Casio CTK Review

The Casio CTK-2100 is a low-cost keyboard with a 61 piano-style key layout. It includes a USB port for general MIDI support. This keyboard is aimed at beginners, with a Step-up learning system that gives instructions on how to play.

The positives:

Plenty of features and functions for the price. 150 rhythms, a sampling function, a voice pad function, and the ability to connect a CD or MP3 player via the audio input so that you can play along to your favorite song on the keyboard. It has a step-up learning system that makes it easy to hear the progress made in your playing skills.

It has hundreds of pre-programmed songs that break down and show you how to play them exactly, note by note. A really great teaching aid.

  • New Voice Pad function
  • New 48-note polyphony AHL sound source
  • 400 Tones, 150 Rhythms
  • New StepUp lesson system
  • Sampling Function, Audio-in Terminal for mp3-Player

The negatives:

This is a beginner keyboard at a budget price. Therefore the key weight is light. You may hear noise from the keys when you press them. You cannot affect the tone by pressing the keys hard or easy – as with a real piano or more expensive keyboard. But this is not a big deal to most people buying a keyboard in this price range.

  • The headphones can be difficult to figure out (premium package).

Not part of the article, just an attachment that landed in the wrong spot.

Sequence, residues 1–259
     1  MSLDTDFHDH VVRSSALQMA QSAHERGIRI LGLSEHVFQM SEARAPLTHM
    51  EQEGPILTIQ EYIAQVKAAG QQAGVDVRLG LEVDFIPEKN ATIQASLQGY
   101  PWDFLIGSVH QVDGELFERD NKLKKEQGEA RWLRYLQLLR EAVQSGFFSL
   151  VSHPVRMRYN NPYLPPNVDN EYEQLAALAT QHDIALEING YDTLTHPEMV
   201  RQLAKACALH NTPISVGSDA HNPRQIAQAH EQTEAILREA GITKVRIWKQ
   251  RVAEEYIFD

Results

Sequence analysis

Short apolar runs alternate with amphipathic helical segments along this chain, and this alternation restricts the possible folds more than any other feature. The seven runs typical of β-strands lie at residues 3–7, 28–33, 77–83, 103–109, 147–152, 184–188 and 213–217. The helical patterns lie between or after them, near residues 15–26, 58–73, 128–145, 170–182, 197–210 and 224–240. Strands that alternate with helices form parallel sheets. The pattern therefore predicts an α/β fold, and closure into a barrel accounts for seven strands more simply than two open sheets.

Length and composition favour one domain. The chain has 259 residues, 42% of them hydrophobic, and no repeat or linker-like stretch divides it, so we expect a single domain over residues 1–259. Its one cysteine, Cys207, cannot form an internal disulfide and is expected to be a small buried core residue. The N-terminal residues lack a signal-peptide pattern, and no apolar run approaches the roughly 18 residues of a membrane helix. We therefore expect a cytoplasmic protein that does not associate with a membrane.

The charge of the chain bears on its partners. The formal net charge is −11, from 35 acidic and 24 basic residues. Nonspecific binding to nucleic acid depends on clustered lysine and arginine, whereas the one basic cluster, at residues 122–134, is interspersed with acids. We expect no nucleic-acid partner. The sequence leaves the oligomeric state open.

• The stand can be difficult to put together (premium package).
  • The LCD is not very bright which requires good lighting to see.
  • Occasional packaging issues.

The Casio CTK-3000has a 61 Key Piano Style Touch Sensitive Keyboard, 400 total onboard Tones, 150 Rhythms and Digital Effects. It has the Step-up Lesson System, audio inputs for a MP3 player, USB port for MIDI implementation and a pitch wheel.

The positives:

The touch sensitive keys makes it more like playing a real piano and therefore a good value for the price.

  • Plenty of onboard tones, rhythms, and effects for the price.
  • Digital readout is easy to see.

The negatives:

  • The keys are light and can be prone to noise, as with any inexpensive keyboard.
  • The holder for the music on the keyboard isn’t the greatest.
  • Does not come with a/c adapter.

The Casio CTK-4000 is an affordable instrument with a 61 Key Piano Style Touch Sensitive Keyboard, 570 total onboard Tones, 180 Rhythms and Reverb plus Chorus Digital Effects. Packed with great features such as Casio’s famous Step-up Lesson System, audio inputs for a MP3 player and a USB port for MIDI.

Featuring a 61 note keyboard with Piano Style, Touch Sensitive keys, 570 sounds, 180 rhythms, Reverb and Chorus Digital Effects, built-in USB and an audio input for an MP3 player.

The positives:

Doesn’t feel as cheap as some of the more inexpensive models.

  • Quality digital sounds
  • Plenty of volume with a full, rich and improved sound than lesser models (AHL and arpeggiator).
  • Velocity sensitivity aka Touch response (note that velocity sensitivity is the speed with which you hit the keys, not the pressure with which you hit the keys).
  • 48 note polyphony (24 note for dual-layer tones like Strings Piano)
  • Split function: divide the keyboard into 2 zones, anywhere. Supports octave shift (1 octave) of each zone.